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Modelling time complexity of micro-genetic algorithms for online traffic control decisions

Modelling time complexity of micro-genetic algorithms for online traffic control decisions This paper describes an experimental approach to test the suitability of micro-genetic algorithms (m-GAs) to solve large combinatorial traffic control problems and establishes relationships between time to convergence and problem size. A discrete time dynamical traffic control problem with different sizes and levels of complexity was used as a test-bed. Results showed that m-GAs can tackle computationally demanding problems. Upon appropriately sizing the m-GA population, the m-GA converged to a near-optimal solution in a number of generations equal to the string length. Results also demonstrated that with the selection of appropriate number of generations, it is possible to get most of the worth of the theoretically optimal solution but with only a fraction of the computation cost. Results showed that as the size of the optimisation problem grew exponentially, the time requirements of m-GA grew only linearly thus making m-GAs especially suited for optimising large-scale and combinatorial problems for online optimisation. http://www.deepdyve.com/assets/images/DeepDyve-Logo-lg.png International Journal of Information and Decision Sciences Inderscience Publishers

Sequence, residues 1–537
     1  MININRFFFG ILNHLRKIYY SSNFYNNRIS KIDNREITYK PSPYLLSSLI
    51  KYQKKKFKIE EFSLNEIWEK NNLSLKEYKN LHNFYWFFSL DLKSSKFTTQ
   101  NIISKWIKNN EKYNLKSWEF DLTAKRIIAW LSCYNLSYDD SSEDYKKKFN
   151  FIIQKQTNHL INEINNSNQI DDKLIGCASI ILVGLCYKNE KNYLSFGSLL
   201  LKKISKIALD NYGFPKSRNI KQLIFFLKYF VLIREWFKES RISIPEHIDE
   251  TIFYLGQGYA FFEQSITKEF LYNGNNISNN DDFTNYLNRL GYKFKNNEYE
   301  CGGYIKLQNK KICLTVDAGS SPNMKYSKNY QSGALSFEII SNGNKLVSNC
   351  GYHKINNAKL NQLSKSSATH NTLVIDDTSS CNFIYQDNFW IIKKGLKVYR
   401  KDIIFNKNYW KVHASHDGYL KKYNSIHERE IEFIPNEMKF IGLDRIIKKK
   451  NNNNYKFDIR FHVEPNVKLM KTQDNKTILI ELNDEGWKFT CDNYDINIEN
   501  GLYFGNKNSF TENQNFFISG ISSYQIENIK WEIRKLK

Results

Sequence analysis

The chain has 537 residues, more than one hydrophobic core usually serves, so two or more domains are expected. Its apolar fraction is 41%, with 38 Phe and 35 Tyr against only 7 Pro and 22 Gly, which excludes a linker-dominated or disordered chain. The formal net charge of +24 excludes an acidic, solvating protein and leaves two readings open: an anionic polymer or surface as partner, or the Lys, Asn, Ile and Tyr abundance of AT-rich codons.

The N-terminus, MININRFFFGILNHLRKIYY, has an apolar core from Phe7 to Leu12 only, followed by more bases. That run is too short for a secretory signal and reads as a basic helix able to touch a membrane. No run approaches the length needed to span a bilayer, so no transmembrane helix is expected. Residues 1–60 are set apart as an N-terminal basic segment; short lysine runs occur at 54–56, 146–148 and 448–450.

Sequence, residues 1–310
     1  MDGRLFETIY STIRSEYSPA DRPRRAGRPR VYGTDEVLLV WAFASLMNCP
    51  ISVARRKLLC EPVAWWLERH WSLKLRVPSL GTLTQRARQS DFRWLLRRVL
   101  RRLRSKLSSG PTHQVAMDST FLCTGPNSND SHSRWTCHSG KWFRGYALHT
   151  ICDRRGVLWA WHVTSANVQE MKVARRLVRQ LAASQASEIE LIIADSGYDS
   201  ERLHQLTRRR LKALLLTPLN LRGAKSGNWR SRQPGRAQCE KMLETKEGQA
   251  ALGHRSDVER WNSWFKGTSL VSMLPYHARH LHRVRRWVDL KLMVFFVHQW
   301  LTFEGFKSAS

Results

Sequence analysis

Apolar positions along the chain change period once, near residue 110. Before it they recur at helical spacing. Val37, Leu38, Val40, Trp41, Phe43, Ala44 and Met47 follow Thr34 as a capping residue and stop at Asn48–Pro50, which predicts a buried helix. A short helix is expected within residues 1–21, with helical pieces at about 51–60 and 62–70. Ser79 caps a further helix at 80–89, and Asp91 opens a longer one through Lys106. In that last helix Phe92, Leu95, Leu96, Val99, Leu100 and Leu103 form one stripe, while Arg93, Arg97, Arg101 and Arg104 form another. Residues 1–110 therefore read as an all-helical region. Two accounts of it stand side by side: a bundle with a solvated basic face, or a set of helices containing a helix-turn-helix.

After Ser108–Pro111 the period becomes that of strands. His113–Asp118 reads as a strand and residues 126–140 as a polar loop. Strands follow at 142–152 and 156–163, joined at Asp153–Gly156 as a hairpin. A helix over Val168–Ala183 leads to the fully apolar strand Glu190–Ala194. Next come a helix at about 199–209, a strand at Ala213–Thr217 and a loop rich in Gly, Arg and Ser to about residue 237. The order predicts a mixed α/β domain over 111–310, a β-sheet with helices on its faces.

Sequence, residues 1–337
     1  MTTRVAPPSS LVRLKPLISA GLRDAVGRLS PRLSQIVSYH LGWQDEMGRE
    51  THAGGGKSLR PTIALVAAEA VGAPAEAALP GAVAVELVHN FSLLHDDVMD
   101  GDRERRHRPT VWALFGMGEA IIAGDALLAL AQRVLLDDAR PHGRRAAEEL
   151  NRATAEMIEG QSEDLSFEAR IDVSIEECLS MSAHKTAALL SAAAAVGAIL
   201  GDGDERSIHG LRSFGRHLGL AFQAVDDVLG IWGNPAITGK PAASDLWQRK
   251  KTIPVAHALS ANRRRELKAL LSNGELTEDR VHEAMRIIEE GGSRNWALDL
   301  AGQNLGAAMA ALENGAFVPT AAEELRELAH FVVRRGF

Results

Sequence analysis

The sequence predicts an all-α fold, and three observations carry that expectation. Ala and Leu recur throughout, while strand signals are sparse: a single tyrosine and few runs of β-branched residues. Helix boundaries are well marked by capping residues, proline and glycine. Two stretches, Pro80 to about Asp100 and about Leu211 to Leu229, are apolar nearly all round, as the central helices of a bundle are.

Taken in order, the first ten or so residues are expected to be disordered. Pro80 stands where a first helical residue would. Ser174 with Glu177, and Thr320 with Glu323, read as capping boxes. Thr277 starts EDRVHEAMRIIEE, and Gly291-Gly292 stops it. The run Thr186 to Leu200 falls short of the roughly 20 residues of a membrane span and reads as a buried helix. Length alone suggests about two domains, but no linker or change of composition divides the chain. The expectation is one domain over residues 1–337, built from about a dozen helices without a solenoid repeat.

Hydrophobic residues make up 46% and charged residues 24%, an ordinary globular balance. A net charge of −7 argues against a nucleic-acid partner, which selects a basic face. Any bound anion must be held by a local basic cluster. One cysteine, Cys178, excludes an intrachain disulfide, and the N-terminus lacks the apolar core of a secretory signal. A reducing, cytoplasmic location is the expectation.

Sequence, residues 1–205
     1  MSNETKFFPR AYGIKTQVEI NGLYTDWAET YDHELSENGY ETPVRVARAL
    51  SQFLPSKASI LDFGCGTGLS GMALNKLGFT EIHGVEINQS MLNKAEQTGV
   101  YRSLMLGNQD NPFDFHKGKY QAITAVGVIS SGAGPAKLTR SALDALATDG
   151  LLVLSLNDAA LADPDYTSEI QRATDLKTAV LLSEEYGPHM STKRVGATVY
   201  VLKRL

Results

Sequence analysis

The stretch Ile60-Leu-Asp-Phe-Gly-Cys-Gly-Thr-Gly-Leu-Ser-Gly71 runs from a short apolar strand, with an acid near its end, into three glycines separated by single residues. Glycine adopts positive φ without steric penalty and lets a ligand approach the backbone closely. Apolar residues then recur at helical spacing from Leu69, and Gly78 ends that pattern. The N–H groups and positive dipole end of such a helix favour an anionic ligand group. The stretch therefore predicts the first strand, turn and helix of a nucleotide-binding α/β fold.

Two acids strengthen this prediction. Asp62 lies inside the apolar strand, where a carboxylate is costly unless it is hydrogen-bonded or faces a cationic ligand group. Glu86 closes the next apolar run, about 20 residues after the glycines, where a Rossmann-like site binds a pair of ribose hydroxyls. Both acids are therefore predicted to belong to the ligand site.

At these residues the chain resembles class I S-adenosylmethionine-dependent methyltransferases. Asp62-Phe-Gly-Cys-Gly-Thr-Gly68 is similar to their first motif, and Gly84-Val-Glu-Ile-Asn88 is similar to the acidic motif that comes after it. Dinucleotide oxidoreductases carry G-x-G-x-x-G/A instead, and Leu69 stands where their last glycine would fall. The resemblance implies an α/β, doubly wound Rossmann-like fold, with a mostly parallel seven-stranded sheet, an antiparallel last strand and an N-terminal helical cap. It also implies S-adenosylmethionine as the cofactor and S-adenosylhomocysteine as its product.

Modelling time complexity of micro-genetic algorithms for online traffic control decisions

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Publisher
Inderscience Publishers
Copyright
Copyright © Inderscience Enterprises Ltd
ISSN
1756-7017
eISSN
1756-7025
DOI
10.1504/IJIDS.2019.101141
Publisher site
See Article on Publisher Site

Abstract

This paper describes an experimental approach to test the suitability of micro-genetic algorithms (m-GAs) to solve large combinatorial traffic control problems and establishes relationships between time to convergence and problem size. A discrete time dynamical traffic control problem with different sizes and levels of complexity was used as a test-bed. Results showed that m-GAs can tackle computationally demanding problems. Upon appropriately sizing the m-GA population, the m-GA converged to a near-optimal solution in a number of generations equal to the string length. Results also demonstrated that with the selection of appropriate number of generations, it is possible to get most of the worth of the theoretically optimal solution but with only a fraction of the computation cost. Results showed that as the size of the optimisation problem grew exponentially, the time requirements of m-GA grew only linearly thus making m-GAs especially suited for optimising large-scale and combinatorial problems for online optimisation.

Journal

International Journal of Information and Decision SciencesInderscience Publishers

Published: Jan 1, 2019

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